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Comic-Con International: San Diego is not your average convention. When more than 130,000 people descend on a city, the economic impact they’ll create is usually one of the top things discussed.

Comic-Con show move in and out.

Comic-Con show move in and out. Photo courtesy of San Diego Convention Center.

Not so in the case of Comic-Con. Held this past July at the San Diego Convention Center, Comic-Con 2014 will be remembered as the convention where attendees sparingly opened their wallets, and giveaways were practically non-existent. Additionally, sponsorships weren’t as robust either.

Driving this trend is the behavior of the attendees themselves. Being borderline obsessed with a fandom doesn’t necessitate spending a lot of money in the minds of Comic-Con attendees. These fans come from all walks of life, and not everyone has the purchasing power expected from the decision-makers and buyers who attend other tradeshows and conventions.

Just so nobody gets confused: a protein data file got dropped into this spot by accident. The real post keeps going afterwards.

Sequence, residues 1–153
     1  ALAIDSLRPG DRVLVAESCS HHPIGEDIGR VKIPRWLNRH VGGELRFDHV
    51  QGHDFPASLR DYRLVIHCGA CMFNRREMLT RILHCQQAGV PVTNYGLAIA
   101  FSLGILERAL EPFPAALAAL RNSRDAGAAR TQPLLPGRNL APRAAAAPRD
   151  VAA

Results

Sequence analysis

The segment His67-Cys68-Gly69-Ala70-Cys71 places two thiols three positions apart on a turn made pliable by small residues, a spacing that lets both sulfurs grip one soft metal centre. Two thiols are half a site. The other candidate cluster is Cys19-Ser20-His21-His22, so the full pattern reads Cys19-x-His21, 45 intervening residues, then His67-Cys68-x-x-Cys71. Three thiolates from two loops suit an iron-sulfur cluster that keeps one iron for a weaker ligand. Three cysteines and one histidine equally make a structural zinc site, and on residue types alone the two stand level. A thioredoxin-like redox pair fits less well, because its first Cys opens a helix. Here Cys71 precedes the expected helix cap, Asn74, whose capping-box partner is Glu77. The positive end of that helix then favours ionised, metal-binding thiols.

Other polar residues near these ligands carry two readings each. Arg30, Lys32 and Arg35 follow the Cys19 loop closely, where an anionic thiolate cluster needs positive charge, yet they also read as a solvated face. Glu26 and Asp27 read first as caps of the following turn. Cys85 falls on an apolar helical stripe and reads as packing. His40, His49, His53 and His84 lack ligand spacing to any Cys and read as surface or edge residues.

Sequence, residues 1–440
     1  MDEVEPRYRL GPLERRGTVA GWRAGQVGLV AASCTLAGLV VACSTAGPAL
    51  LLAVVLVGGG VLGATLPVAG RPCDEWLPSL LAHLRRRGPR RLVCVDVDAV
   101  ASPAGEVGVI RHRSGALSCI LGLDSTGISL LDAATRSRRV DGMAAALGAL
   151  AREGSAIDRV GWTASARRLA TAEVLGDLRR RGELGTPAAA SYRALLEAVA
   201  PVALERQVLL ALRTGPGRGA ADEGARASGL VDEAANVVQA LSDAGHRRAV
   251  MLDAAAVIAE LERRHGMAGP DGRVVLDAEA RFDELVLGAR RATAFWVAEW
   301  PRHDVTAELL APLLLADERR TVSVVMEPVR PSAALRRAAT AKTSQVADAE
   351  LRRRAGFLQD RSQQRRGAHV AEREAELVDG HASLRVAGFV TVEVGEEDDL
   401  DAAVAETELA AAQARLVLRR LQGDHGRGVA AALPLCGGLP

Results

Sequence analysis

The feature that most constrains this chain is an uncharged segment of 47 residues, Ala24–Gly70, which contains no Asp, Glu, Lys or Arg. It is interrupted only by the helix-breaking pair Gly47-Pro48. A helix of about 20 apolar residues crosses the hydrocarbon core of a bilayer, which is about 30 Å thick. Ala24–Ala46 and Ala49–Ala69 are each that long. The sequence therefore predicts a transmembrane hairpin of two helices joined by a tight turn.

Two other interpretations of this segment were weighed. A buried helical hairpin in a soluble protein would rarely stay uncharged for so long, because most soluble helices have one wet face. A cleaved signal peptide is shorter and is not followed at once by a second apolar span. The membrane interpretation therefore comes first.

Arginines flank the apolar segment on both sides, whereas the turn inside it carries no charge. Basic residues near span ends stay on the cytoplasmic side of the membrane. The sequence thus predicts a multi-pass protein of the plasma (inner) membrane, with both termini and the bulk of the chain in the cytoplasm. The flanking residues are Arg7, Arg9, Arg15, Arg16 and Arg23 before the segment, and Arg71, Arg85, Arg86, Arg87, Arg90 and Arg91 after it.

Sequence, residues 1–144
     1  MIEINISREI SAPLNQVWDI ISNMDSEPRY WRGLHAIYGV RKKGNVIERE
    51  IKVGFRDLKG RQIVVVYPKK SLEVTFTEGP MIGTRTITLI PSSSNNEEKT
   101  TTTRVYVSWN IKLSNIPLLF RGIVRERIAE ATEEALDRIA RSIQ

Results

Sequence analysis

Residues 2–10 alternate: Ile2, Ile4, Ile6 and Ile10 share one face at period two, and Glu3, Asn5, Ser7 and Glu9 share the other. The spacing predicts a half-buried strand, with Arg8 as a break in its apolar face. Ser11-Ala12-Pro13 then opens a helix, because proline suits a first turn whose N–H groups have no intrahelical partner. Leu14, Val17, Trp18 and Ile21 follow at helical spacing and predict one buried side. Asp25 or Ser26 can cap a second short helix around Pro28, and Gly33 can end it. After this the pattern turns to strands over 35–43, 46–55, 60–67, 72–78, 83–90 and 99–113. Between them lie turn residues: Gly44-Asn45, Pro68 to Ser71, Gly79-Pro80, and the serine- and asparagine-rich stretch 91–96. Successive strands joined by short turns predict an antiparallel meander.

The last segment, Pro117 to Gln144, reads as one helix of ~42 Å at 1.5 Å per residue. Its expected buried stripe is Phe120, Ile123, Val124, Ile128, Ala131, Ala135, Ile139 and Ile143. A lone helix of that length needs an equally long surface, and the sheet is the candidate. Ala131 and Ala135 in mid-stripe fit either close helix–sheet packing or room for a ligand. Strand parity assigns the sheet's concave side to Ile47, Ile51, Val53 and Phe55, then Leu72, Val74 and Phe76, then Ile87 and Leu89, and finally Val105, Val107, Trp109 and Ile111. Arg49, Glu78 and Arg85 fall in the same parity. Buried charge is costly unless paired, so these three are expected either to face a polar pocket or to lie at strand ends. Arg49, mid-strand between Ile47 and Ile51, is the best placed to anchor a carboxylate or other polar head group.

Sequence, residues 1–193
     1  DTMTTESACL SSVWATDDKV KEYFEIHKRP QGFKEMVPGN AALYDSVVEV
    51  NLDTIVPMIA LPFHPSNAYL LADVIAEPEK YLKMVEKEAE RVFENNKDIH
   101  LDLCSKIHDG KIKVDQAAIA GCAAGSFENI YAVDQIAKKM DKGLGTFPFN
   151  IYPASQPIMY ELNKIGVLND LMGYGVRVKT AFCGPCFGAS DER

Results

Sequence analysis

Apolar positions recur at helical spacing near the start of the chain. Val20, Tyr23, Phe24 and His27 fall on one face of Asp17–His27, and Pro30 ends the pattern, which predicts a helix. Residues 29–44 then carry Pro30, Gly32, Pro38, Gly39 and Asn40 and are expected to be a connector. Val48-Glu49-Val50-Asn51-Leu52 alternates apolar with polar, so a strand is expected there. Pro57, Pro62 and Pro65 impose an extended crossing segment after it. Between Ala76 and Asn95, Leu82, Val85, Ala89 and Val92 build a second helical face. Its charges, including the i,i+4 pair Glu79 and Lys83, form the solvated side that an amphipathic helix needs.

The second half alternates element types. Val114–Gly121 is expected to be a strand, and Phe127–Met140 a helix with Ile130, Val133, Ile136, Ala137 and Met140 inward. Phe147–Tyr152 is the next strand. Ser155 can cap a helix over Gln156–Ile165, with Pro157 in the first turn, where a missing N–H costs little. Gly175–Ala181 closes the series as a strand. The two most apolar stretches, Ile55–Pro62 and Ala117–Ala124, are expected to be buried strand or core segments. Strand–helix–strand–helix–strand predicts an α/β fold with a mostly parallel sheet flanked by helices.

Comic-Con attendees go to the show to be entertained or become the entertainment themselves through their costumes. They also attend panels and get excited about meeting their favorite superheroes and celebrities. These activities already serve as indicators why Comic-Con is different from other conventions. So while these attendees find “fan girl-ing” or “fan boy-ing” a great pastime, it seems like spending a lot of money isn’t a priority unless they have a major reason to do so.

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